For some imaging applications, the extent to which a camera can communicate with its environment can be an important aspect in the camera decision process. The table below provides an overview of the connectivity of the Nikon Z50 and Sony Alpha NEX-F3 and, in particular, the interfaces the cameras (and selected comparators) provide for accessory control and data transfer.
| WiFi |
| NFC |
It is notable that the Z50 has a microphone port, which is missing on the NEX-F3. Such an external microphone input can help to substantially improve the quality of audio recordings when a good external microphone is used.
The Z50 is a recent model that features in the current product line-up of Nikon. In contrast, the NEX-F3 has been discontinued (but can be found pre-owned on eBay). There has not been a direct replacement model for the NEX-F3 from Sony. Further information on the two cameras (e.g. user guides, manuals), as well as related accessories, can be found on the official Nikon and Sony websites.
So how do things add up? Is there a clear favorite between the Nikon Z50 and the Sony NEX-F3? Which camera is better? Below is a summary of the relative strengths of each of the two contestants.
Arguments in favor of the Nikon Z50:
- More detail: Offers more megapixels (20.7 vs 16MP) with a 13% higher linear resolution.
- Maximized detail: Lacks an anti-alias filter to exploit the sensor's full resolution potential.
- Better video: Provides higher definition movie capture (4K/30p vs 1080/60i).
- Better live-view autofocus: Features on-sensor phase-detection for more confident autofocus.
- Better sound: Can connect to an external microphone for higher quality sound recording.
- Easier framing: Has an electronic viewfinder for image composition and settings control.
- Larger screen: Has a bigger rear LCD (3.2" vs 3.0") for image review and settings control.
- More detailed LCD: Has a higher resolution rear screen (1040k vs 920k dots).
- Fewer buttons to press: Is equipped with a touch-sensitive rear screen to facilitate handling.
- Faster burst: Shoots at higher frequency (11 vs 5.5 flaps/sec) to capture the decisive moment.
- Less disturbing: Has an electronic shutter option for completely silent shooting.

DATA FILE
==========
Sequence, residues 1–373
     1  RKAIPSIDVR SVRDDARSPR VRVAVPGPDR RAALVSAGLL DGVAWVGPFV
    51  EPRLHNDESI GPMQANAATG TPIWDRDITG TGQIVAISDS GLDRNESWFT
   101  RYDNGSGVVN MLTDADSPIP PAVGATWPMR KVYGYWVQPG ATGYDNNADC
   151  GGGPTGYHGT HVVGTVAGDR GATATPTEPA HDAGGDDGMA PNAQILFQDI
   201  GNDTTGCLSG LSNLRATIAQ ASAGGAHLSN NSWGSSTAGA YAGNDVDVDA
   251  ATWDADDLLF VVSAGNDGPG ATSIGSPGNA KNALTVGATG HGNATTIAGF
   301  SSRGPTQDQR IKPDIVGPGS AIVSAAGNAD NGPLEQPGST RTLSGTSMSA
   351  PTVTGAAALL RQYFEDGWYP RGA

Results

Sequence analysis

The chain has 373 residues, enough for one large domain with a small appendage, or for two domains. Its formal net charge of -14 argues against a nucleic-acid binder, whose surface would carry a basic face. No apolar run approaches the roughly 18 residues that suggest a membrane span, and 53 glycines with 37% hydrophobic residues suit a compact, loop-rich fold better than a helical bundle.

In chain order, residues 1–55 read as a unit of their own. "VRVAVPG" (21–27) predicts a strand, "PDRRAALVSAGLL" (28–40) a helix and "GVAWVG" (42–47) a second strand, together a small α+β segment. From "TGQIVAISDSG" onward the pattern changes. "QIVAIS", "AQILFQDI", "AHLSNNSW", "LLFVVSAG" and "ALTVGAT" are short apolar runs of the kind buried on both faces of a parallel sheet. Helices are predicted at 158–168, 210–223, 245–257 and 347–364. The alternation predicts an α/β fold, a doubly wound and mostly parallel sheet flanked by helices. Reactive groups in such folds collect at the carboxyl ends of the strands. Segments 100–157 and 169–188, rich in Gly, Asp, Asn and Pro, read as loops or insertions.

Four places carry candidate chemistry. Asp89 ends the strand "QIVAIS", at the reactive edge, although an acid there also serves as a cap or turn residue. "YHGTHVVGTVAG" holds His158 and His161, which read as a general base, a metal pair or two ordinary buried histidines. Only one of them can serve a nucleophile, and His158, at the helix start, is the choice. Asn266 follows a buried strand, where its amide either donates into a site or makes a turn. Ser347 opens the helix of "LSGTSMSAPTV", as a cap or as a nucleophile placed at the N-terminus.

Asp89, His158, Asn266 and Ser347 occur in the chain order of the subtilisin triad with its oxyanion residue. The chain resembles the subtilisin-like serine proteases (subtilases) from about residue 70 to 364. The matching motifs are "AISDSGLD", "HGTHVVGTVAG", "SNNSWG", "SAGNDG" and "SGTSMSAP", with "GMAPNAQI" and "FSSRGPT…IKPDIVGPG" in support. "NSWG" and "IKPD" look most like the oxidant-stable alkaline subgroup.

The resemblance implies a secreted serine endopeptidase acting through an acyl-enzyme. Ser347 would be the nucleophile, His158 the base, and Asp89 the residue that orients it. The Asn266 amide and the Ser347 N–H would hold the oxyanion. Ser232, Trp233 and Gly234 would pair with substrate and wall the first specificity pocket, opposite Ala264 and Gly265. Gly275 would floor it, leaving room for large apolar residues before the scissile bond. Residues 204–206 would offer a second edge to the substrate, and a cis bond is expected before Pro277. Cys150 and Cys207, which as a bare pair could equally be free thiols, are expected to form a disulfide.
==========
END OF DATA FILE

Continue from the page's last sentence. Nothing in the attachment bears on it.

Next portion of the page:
- Easier time-lapse photography: Has an intervalometer built-in for low frequency shooting.
- Easier travel charging: Can be conveniently charged via its USB port.
- Better sealing: Is weather sealed to enable shooting in dusty or wet environments.
- Easier file upload: Has wifi built in for automatic backup or image transfer to the web.
- Easier wireless transfer: Supports Bluetooth for image sharing without cables.
- Faster buffer clearing: Supports Ultra High Speed (UHS-II) SDXC cards.
- More modern: Reflects 7 years and 4 months of technical progress since the NEX-F3 launch.
Advantages of the Sony Alpha NEX-F3:
- Better moiré control: Has an anti-alias filter to avoid artificial patterns to appear in images.
- More compact: Is smaller (117x67mm vs 127x94mm) and will fit more readily into a bag.
- Less heavy: Has a lower weight (by 136g or 30 percent) and is thus easier to take along.
- Longer lasting: Gets more shots (470 versus 320) out of a single battery charge.
- More affordable: Was introduced into a lower priced category (30 percent cheaper at launch).
- More heavily discounted: Has been around for much longer (launched in May 2012).
If the count of individual advantages (bullet points above) is taken as a guide, the Z50 is the clear winner of the match-up (18 : 6 points). However, the relevance of individual strengths will vary across photographers, so that you might want to apply your own weighing scheme to the summary points when reflecting and deciding on a new camera. A professional wedding photographer will view the differences between cameras in a way that diverges from the perspective of a travel photog, and a person interested in cityscapes has distinct needs from a macro shooter. Hence, the decision which camera is best and worth buying is often a very personal one.
How about other alternatives? Do the specifications of the Nikon Z50 and the Sony NEX-F3 place the cameras among the top in their class? Find out in the latest Best Mirrorless Interchangeable Lens Camera listing whether the two cameras rank among the cream of the crop.
In any case, while the specs-based evaluation of cameras can be instructive in revealing their potential as photographic tools, it remains partial and cannot reveal, for example, the shooting experience and imaging performance when actually working with the Z50 or the NEX-F3. User reviews, such as those found at amazon, can sometimes inform about these issues, but such feedback is often incomplete, inconsistent, and biased.